Responding to Childhood Traumatic Grief
By Kristin Blank
A car accident. A neighborhood shooting. A long battle with cancer. Children can lose loved ones—parents, siblings, grandparents, even friends—in a heartbeat. What happens then?
When someone special dies, it can be an extremely painful experience for children. And when the death results from a traumatic event—or when children experience the death as traumatic—they may show signs of both grief and trauma.
Experts from SAMHSA’s National Child Traumatic Stress Network (NCTSN) have studied children’s traumatic grief experiences and released a free information package, The Courage to Remember: Childhood Traumatic Grief Curriculum Guide with CD-ROM.
The materials provide specific guidelines and options for interventions to:
- Educate providers about the symptoms of childhood traumatic grief to guide care and treatment.
- Introduce others—medical and psychological professionals, parents, caregivers, school personnel—to principles of treatment that have been identified as helpful. Effective treatment requires attention to both the child’s traumatic stress over the circumstances of the death and the child’s grief over the loss of the loved one.
- Offer practitioners an opportunity to enhance their treatment skills.
According to NCTSN, childhood traumatic grief is a condition in which children who lose loved ones under frightening or unexpected circumstances develop symptoms of post-traumatic stress that make it difficult to move through the typical grieving process.
Symptoms like replays of frightening thoughts about the event, nightmares, anxiety, anger, withdrawal from friends and family, and emotional distance can hinder the child’s ability to grieve the loss fully.
Children experiencing traumatic grief may have extreme or intrusive thoughts or recurring images associated with the death of their loved one. In addition, they could replay over and over again a car accident they witnessed. Or, the child may experience stressful physical reactions, such as fatigue, illness, or changes in eating habits. And, children may try to avoid thoughts, feelings, or places that remind them of the trauma and, by extension, the loved one who died.
Traumatic reactions make it difficult for children to remember or enjoy positive memories, cope with their loss, and continue with normal development. They may become “stuck” in the grieving process, perhaps coming to believe, for example, that they can’t cope with their emotions so they bottle them up inside throughout their lives.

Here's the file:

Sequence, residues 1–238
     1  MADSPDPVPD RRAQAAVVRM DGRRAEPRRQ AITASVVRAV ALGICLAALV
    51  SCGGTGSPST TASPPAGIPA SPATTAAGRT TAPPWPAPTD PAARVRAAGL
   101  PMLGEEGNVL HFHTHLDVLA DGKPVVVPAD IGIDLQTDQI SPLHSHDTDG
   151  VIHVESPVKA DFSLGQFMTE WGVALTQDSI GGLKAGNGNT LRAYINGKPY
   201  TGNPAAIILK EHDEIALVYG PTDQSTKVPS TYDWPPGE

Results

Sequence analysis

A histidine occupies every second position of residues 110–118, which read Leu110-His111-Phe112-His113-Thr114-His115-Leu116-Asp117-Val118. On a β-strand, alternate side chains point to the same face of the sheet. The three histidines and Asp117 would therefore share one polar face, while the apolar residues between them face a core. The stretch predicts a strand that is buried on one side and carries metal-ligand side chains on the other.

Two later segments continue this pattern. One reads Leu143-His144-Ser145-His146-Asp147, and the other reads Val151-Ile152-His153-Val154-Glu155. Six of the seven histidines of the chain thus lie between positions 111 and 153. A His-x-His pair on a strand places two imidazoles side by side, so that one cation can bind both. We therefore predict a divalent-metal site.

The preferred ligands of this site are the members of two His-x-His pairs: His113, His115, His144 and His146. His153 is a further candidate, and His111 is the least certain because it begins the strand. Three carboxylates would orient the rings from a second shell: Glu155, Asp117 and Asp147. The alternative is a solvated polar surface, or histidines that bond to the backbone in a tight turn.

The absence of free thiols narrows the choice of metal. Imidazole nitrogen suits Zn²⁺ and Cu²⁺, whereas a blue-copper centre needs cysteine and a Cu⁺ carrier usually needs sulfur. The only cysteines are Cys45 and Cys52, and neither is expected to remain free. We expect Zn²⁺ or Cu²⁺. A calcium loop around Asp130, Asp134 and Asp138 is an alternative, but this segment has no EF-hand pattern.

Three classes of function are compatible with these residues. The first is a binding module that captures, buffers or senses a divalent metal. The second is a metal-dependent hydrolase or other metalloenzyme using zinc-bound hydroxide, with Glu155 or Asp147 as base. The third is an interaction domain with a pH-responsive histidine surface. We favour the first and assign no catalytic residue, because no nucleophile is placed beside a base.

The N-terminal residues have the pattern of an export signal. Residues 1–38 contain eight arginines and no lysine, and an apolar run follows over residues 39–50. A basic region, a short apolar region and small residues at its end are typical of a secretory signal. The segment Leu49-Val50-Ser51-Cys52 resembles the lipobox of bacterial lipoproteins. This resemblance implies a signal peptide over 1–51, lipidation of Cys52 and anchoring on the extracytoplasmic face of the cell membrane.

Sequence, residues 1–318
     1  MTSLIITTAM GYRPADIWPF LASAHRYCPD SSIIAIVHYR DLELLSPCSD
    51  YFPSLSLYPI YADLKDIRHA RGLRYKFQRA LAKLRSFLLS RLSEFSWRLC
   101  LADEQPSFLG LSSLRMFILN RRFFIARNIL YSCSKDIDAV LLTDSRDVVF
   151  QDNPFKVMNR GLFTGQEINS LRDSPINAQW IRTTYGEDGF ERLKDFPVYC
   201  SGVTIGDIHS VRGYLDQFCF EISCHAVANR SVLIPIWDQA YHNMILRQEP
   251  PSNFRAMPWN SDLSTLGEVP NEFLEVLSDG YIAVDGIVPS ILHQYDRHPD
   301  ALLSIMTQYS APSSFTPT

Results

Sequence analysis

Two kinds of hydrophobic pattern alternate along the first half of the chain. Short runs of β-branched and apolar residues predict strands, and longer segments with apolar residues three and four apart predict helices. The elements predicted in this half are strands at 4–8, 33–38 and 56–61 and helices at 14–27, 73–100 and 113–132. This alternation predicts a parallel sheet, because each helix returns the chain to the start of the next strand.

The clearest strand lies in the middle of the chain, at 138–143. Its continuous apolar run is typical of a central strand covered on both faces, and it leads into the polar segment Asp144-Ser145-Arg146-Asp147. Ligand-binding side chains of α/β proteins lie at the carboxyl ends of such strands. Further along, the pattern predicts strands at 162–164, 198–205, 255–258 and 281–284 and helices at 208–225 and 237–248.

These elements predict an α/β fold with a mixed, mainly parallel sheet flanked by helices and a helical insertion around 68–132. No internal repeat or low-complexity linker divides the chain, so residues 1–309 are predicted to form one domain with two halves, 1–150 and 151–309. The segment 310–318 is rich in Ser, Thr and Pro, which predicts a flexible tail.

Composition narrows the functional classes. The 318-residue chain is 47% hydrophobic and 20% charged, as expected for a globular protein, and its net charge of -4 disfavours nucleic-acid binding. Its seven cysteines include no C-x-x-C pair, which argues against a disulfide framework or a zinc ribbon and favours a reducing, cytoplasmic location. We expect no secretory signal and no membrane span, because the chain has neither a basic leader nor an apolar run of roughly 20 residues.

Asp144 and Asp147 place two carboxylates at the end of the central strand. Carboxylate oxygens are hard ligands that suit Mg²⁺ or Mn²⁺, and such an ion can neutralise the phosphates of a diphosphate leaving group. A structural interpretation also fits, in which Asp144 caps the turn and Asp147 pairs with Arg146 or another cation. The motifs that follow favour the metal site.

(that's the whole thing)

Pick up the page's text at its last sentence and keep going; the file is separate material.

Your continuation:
For caregivers, medical personnel, and educators, being able to recognize the problem is the first challenge. And with appropriate help, children experiencing traumatic grief can recover and move on.
You’ll find the following materials in the training curriculum.
- “It’s OK to Remember,” a video meant for a general audience, provides an overview of the causes and consequences of childhood traumatic grief along with information about the promising treatments.
- “The Courage to Remember Training Video” is for those seeking advanced training in treatment techniques for childhood traumatic grief. It is recommended for either individual or group training use by medical, mental health, bereavement, and pastoral care personnel.
- Accompanying curriculum guide materials are provided in print as well as in PDF format for printing from the CD-ROM.
Each video is 35 minutes long, and the print materials total more than 80 pages. To order this curriculum, call 1-877-SAMHSA-7 (1-877-726-4727). Ask for publication number SMA-4303.
For more information, download NCTSN’s Childhood Traumatic Grief Educational Materials.
The National Child Traumatic Stress Network (NCTSN) is a SAMHSA-funded initiative that seeks to raise the standard of care and improve access to services for traumatized children, their families, and communities throughout the United States.
Established by Congress in 2000, NCTSN is a unique collaboration of academic and community-based service centers. Its Web site provides information for health care professionals, parents and caregivers, educators, and the media, as well as an entire section of resources for military families.
Visit NCTSN’s Web site to download fact sheets, training curricula, and other products for helping children heal from trauma.